How Russia's Military Leadership Was Decapitated Thanks to U.S. Intel

Senior U.S. officials have said that American intelligence about Russian military units has allowed Ukrainians to target and kill many of the Russian generals who have died in the Ukraine war.

Ukrainian officials have said they have killed 12 Russian generals on the front lines, a much higher number than many military experts expected.

The U.S. intelligence includes anticipated Russian military movements and targeting data, The New York Times reported Wednesday, citing senior U.S. officials. It is part of a concerted effort by the administration of U.S. President Joe Biden to provide Ukraine with real-time military intelligence for the fight against the Russians, including Moscow's attempt to take the eastern Donbas region, the war's current front line.

Washington has also provided location and other details to help Ukraine's army track the Russian army's mobile headquarters. The headquarters has shifted location many times as Russia has tried to regroup in the east after failing in its mission to capture the Ukrainian capital, Kyiv. U.S. officials would not tell the Times how that information was acquired for fear of revealing their methods of collecting it and endangering their sources. The report said that classified and commercial satellites have been among the sources.

Ukraine tank in Donbas
Senior U.S. officials have said that American intelligence about Russian military units has allowed Ukraine to target and kill many of the Russian generals who have died in the Ukraine war. Ukrainian soldiers sit on an armored military vehicle in the city of Severodonetsk in Ukraine on April 7, 2022. Fadel Senna/AFP/Getty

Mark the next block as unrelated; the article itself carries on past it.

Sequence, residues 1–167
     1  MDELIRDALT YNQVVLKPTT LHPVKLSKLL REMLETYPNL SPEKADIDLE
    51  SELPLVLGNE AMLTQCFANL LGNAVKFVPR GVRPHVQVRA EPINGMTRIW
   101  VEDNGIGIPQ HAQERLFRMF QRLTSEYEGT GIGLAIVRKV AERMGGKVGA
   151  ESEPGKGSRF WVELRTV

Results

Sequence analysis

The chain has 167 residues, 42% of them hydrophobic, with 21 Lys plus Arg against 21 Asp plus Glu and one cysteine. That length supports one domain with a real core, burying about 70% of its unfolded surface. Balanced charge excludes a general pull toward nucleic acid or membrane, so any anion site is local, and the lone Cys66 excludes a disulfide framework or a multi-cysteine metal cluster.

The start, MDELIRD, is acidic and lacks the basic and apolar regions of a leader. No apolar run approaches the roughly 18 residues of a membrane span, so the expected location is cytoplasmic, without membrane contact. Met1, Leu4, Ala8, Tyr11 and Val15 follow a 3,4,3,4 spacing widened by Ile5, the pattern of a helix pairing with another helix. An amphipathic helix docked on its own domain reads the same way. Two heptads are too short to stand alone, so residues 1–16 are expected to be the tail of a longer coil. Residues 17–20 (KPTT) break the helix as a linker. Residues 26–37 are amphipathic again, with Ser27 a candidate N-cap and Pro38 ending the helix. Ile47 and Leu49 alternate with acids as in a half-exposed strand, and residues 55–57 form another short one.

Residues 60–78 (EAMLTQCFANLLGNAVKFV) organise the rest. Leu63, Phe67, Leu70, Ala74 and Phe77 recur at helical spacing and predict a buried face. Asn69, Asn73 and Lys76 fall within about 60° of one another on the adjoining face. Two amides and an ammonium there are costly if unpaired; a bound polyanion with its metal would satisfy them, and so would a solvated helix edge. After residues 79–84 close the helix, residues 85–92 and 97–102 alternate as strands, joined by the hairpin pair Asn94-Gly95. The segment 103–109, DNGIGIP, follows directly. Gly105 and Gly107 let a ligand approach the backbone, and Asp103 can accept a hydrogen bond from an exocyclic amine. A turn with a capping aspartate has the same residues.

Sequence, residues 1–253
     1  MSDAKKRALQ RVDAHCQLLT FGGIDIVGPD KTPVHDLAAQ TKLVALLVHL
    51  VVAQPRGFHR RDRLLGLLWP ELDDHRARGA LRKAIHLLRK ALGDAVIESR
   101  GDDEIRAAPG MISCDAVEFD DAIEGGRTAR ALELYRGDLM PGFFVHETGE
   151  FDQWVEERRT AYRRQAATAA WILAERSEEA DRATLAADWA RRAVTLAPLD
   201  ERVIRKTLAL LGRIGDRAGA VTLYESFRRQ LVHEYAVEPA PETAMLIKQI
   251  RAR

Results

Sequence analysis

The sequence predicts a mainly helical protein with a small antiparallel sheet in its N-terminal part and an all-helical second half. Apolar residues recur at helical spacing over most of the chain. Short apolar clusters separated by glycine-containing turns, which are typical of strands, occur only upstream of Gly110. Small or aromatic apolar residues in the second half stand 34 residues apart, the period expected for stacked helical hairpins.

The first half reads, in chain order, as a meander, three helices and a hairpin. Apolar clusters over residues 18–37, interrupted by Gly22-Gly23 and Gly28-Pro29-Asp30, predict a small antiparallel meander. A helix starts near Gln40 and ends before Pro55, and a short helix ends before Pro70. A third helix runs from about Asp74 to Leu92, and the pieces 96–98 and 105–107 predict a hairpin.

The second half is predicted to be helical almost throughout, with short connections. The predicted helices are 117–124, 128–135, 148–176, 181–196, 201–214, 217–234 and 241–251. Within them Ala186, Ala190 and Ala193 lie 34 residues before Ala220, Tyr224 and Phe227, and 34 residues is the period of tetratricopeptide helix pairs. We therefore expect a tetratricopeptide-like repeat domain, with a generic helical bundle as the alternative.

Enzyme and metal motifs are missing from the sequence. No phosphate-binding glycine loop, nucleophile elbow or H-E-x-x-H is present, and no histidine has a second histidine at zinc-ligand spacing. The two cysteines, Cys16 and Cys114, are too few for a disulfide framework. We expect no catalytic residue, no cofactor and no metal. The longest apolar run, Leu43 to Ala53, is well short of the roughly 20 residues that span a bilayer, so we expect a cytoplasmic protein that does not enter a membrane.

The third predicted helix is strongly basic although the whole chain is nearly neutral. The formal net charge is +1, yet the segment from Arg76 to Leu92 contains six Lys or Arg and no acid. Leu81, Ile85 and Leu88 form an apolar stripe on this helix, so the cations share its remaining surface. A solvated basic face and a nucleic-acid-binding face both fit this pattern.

Ukraine has combined American tip-offs with its own intelligence to conduct artillery strikes and other attacks that have killed Russian generals, the newspaper reported.

The U.S. officials did not give an exact number of how many Russian generals had been killed as a result of American intelligence, but said attacks on generals were aided by such intelligence.

However, a strike on General Valery Gerasimov that was reported on May 1 was not aided by American intelligence, according to multiple U.S. officials. Gerasimov, Russia's highest-ranking casualty to date, was reportedly flown out of Izyum near Kharkiv after being injured by shrapnel.

Washington also shared intelligence with Kyiv before the war started, about Russia's intention to invade its neighbor.

Asked by the Times about the intelligence being passed on to the Ukrainians, Pentagon spokesperson John F. Kirby declined to reveal details, but said the U.S. provided "Ukraine with information and intelligence that they can use to defend themselves."

Newsweek has contacted the foreign ministries of Russia and Ukraine for comment.

As well as providing intelligence, the U.S. has been one of Ukraine's closest allies during the war, supplying the eastern European country with huge supplies of weapons and billions of dollars' worth of military aid.

On April 28, Biden sent a request to Congress for a new $33 billion aid package for Ukraine and proposed legislation that would allow the U.S. to seize the assets of Russian oligarchs and crack down on sanctions evasion.

The Kremlin has often claimed that Russia is in a proxy war with the U.S.-led West, including NATO.

On Wednesday night, Russia moved to bombard Ukrainian supply lines, including railway stations that are bringing in reinforcements from Western allies.

The European Union, meanwhile, is mulling toughening sanctions on Moscow, including introducing bans on Russian oil exports.